- German Shorthaired Pointers, like many other water retrievers, have webbed feet and tend to excel at swimming.
- Due to their athletic ability and intelligence, German Shorthaired Pointers are excellent escape artists, and fences meant to hold them in must be at least 6 feet high to work.
- German Shorthaired Pointers may not fully mature until around two years of age, making them behave like puppies until then.
How can I take good care of my German Shorthaired Pointer or Puppy?
German Shorthaired Pointer puppies should begin socialization work as soon as they are brought home. Most German Shorthaired Pointer puppies will be able to be taken home at 8 weeks old, which is an important time in a dog’s life. The period from 8 to 12 weeks is when puppies are most receptive to new experiences, and will start to learn proper behavior.
German Shorthaired Pointer puppies grow quite quickly, so a high-quality, premium diet is the best choice. For adult German Shorthaired Pointers, a slow feeder or puzzle feeder may slow down their feeding and will be helpful in preventing GDV or bloat. These well-muscled dogs require a good deal of protein in their diet. Your veterinarian may be able to give you more specific recommendations for your German Shorthaired Pointer puppy.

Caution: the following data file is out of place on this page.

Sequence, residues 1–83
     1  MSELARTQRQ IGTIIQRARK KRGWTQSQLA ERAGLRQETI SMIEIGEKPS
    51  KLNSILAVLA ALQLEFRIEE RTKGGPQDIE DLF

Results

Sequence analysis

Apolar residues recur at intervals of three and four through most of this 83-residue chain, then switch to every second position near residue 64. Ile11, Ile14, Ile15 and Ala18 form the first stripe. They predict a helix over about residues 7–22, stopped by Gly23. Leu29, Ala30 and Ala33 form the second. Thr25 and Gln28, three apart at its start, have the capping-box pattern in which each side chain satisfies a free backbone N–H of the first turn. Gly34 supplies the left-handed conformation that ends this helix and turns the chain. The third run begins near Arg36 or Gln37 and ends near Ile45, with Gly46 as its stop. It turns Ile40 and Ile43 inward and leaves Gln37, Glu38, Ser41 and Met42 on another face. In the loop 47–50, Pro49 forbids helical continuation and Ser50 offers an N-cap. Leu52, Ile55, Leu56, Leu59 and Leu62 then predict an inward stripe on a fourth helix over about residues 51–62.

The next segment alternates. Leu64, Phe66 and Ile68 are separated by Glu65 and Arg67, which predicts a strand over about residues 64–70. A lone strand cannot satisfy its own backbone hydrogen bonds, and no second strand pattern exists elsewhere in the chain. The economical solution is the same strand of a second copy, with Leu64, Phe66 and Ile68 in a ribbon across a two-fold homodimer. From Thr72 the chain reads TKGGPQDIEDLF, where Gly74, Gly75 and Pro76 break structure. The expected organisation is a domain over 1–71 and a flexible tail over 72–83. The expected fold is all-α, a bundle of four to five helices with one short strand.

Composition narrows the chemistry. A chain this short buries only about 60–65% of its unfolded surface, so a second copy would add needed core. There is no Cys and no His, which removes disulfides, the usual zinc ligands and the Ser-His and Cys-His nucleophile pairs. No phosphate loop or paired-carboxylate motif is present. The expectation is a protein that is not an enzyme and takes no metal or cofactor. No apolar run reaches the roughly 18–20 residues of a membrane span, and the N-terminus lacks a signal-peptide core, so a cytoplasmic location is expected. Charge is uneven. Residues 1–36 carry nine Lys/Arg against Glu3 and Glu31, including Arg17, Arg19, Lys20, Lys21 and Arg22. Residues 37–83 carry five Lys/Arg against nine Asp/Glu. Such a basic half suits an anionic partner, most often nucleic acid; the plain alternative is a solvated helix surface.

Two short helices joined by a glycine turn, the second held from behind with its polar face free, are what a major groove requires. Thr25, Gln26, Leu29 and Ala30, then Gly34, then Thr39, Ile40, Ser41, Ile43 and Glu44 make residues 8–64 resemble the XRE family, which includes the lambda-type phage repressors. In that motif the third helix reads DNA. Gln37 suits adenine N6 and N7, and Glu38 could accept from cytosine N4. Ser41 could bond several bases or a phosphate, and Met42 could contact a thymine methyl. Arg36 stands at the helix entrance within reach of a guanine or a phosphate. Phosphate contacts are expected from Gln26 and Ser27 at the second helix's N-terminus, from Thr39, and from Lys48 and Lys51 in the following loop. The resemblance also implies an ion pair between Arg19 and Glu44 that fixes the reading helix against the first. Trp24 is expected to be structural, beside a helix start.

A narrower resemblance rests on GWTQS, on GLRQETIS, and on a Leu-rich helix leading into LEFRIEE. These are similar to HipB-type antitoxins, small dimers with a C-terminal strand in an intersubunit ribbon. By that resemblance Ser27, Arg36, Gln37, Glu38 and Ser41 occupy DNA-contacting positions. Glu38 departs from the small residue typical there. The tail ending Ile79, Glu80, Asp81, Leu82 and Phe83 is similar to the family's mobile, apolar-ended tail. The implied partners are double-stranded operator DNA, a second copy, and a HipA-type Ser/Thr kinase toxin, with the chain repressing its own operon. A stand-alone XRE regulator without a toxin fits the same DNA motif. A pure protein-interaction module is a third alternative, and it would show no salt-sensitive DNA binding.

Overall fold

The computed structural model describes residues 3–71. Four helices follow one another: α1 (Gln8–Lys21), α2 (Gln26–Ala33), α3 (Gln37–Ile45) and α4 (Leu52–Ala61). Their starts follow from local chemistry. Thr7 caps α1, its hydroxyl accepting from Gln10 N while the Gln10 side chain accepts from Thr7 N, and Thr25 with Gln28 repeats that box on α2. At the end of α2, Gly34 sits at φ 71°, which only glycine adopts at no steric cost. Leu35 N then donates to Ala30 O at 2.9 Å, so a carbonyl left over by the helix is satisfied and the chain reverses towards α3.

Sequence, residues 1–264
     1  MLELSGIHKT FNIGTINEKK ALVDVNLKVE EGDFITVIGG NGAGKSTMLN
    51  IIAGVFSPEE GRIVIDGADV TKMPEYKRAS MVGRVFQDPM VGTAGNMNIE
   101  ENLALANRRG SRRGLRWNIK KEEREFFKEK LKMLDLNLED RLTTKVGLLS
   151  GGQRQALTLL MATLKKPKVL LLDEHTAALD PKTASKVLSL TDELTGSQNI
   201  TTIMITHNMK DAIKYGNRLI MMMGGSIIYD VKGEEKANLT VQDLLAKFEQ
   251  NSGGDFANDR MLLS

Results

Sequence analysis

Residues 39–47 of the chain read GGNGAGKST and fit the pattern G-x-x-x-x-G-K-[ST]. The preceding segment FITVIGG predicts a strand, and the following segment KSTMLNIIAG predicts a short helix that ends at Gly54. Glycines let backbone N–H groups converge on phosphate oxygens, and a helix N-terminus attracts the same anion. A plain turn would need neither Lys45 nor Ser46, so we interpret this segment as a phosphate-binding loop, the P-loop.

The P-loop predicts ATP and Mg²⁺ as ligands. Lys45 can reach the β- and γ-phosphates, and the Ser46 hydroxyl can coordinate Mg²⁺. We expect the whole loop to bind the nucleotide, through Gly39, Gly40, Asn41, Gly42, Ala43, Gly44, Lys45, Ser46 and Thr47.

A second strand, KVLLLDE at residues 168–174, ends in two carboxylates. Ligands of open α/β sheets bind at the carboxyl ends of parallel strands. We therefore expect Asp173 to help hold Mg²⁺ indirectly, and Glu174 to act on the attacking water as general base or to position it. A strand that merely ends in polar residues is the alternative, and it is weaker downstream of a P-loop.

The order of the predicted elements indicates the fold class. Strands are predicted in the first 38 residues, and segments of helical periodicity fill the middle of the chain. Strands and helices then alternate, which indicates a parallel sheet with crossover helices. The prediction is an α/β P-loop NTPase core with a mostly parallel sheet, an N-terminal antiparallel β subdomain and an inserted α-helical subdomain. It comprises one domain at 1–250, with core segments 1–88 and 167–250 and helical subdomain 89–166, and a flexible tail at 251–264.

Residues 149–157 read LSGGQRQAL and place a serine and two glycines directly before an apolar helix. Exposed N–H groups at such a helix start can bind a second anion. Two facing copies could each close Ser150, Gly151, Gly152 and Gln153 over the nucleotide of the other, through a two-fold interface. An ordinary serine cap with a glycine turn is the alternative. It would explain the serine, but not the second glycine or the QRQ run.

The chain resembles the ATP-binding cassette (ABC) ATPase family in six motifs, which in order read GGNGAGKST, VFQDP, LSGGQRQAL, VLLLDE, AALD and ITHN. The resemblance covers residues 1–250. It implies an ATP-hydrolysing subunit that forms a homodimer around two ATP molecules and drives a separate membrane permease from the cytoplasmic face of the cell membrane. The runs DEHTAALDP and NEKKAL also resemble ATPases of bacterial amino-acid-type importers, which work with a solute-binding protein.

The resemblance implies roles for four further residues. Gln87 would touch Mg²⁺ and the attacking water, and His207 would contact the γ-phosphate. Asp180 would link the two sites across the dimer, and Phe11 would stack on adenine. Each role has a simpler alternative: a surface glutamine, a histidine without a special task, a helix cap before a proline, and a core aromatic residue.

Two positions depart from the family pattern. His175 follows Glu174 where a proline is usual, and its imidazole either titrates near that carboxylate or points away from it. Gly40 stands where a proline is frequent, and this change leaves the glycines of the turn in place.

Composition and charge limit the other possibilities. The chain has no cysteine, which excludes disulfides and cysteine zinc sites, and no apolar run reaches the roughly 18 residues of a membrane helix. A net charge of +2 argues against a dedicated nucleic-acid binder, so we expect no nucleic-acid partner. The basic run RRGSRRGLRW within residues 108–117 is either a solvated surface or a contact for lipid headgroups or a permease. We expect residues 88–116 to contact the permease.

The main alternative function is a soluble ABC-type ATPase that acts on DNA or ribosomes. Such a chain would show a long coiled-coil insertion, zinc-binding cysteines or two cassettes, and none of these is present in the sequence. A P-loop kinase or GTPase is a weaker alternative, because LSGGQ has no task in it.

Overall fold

Upon bringing home your German Shorthaired Pointer puppy, you may contact your veterinarian to inquire about their recommended vaccination schedule for your dog. Many veterinarians recommend limiting your puppy’s exposure to other dogs and public places until core vaccines (including rabies, distemper, and parvovirus) have been completed. To protect your puppy from the common transmissible diseases and bacteria, follow the schedule the veterinarian gives you to the best of your ability.
Most Asked German Shorthaired Pointer Questions
+How Much do German Shorthaired Pointer Puppies Cost
German Shorthaired Pointer puppies for sale from reputable breeders may go for $800 to $1500. However, show-quality German Shorthaired Pointers may cost many times more. Responsible breeders spend a large amount of money on vet visits and health checks of both the parent dogs and the puppies. The resulting price is well worth it to ensure the well-being of all the dogs before any puppies are sold to new owners. Get your German Shorthaired Pointer puppy from an ethical breeder to give your puppy the best chance of success.